Race, Class, and Katrina
An increasing number of public figures are lambasting the government for its slow response in New Orleans — what one local official, Aaron Broussard, called “one of the worst abandonments of Americans on American soil ever in U.S. history.” These figures are accusing the government of forsaking the predominantly African-American poor population. Black leader, Reverend Al Sharpton said “I feel race was a factor. Why? I remember almost a year ago to the day I was in Florida when a hurricane was coming … and I saw the White House move … National Guard was already alerted before the storm ever hit. It seems to me that if we can be alert in Palm Beach, Florida, we could have been alert in New Orleans.” Palm Beach, incidentally, is a mostly white upper-middle class area.
Reverend Sharpton’s observations reflect the long history of American society neglecting the poor generally and blacks specifically. The Bush administration, which represents the wealthy segments of America, has more important priorities than saving the poor. A certain unilateral occupation of an oil rich country comes to mind.
A U.N. report released on Sept. 7 documents the increasing divide between the haves and the have-nots in the U.S. According to the report, compiled by Kevin Watkins, the former head of research at Oxfam, black infants are twice as likely as white babies to die before their first birthday. The U.S. is the only wealthy nation without universal health care. U.S. infant mortality rates have grown in the last five years, and now match those of third world countries like Malaysia. The report links poverty to war, and describes the U.S. as having “an overdeveloped military strategy and an under-developed strategy for human security.”
Critics have elaborated on the connection between the disaster and money spent in Iraq. Local officials requested $60 million for the Southeast Louisiana flood control project, but the federal government provided only $10 million. “The Bush administration has obviously had its attention focused in terms of the budget on Iraq … and it’s been looking to cut back in the corps of engineers,” said John McQuaid, reporter for the Washington bureau of the New Orleans Times-Picayune. In a 2002 investigative series entitled Washing Away, McQuaid predicted that a hurricane, like Katrina, would cause grievous damage to the city.
Even if the Bush administration had ignored McQuaid’s warnings, however, they still could have acted decisively after the disaster struck. Instead, White House officials continued their vacations. President Bush remained on his ranch in Crawford, Texas for two days after the hurricane made landfall and was photographed laughing and playing the guitar. Vice President Cheney and Secretary of State Condoleeza Rice continued their vacations for three days. In the days after the hurricane hit, Rice took tennis lessons from Monica Seles, saw the Monty Python play “Spamalot” on Broadway, and went hunting for shoes on Fifth Avenue. A person shouted, “How dare you shop for shoes while thousands are dying and homeless!” The person was removed from the store.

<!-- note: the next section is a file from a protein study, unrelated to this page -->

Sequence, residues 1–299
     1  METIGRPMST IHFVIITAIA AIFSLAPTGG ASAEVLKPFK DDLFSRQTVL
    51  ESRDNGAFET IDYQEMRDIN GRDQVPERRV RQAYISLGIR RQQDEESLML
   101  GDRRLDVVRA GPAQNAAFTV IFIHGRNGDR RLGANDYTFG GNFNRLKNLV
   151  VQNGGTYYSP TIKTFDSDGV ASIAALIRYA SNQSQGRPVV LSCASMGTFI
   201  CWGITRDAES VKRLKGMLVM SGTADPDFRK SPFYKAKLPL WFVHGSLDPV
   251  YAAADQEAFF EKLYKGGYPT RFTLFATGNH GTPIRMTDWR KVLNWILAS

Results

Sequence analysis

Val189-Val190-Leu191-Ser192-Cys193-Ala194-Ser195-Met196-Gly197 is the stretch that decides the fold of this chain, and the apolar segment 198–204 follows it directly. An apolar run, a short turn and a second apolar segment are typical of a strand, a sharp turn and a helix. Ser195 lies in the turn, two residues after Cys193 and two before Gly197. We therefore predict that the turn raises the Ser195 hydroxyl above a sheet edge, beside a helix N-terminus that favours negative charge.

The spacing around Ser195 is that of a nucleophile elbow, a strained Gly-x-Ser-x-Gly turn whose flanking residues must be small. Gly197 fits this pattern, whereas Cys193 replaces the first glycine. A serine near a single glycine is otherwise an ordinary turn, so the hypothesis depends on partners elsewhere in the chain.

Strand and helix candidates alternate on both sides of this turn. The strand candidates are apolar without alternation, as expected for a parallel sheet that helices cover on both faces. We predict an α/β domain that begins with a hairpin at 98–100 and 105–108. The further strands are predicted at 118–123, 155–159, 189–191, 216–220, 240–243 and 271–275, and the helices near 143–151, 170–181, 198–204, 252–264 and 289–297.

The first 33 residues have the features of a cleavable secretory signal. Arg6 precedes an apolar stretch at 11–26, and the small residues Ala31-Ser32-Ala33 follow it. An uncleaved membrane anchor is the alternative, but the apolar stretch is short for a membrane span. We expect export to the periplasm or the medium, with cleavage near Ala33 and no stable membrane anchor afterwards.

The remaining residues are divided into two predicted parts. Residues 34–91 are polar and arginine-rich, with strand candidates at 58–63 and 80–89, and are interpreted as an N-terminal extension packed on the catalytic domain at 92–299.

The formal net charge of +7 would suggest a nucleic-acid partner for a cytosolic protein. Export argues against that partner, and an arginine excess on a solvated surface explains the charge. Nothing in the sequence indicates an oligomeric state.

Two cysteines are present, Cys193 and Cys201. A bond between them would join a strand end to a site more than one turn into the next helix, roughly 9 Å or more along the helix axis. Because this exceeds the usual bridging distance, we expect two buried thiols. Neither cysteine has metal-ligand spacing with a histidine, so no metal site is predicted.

The federal government was not the only group to fail the poor and predominately black citizens of New Orleans. The national media chose to portray blacks as looters. On an NBC fund-raising telethon, hip-hop superstar Kanye West departed from his script to condemn the media. “If it’s a black family, it says we’re looting. If it’s a white family, it says they’re looking for food.” Before NBC cut the live broadcast, West added “George Bush doesn’t care about black people.”
Even if some blacks and poor people did engage in looting, I find it laughable to denounce people abandoned with no food and water, who have lived in poverty their entire lives.
In a city where half the households make less than $28,000 a year, the authorities issued what New York Daily News columnist Errol Louis called “an almost cynical evacuation order” to people with no transport and no money for hotels. I’d call it callous if not criminal. Barbara Bush, mother of the president, displayed a similar contempt for the poor in her comment about the refugees in the Houston Astrodome. “You know, [they] were underprivileged anyway, so this is working very well for them.”
Did race or did class motivate the speed of response? It is hard to untangle because race is a class issue. If you are black you are more likely to be low-income, and it is always the poor who suffer the most in our society. It is the poor who freeze when a snowstorm hits Boston. It is the poor who are maimed most often in our wars abroad. It is the poor who had no place to go before the hurricane hit, who had no cars to escape the city before the flooding, and who are now stranded on rooftops in New Orleans without food and water. The poor are the ones suffering and dying, as usual.
Nakul Vyas is a member of the Class of 2008.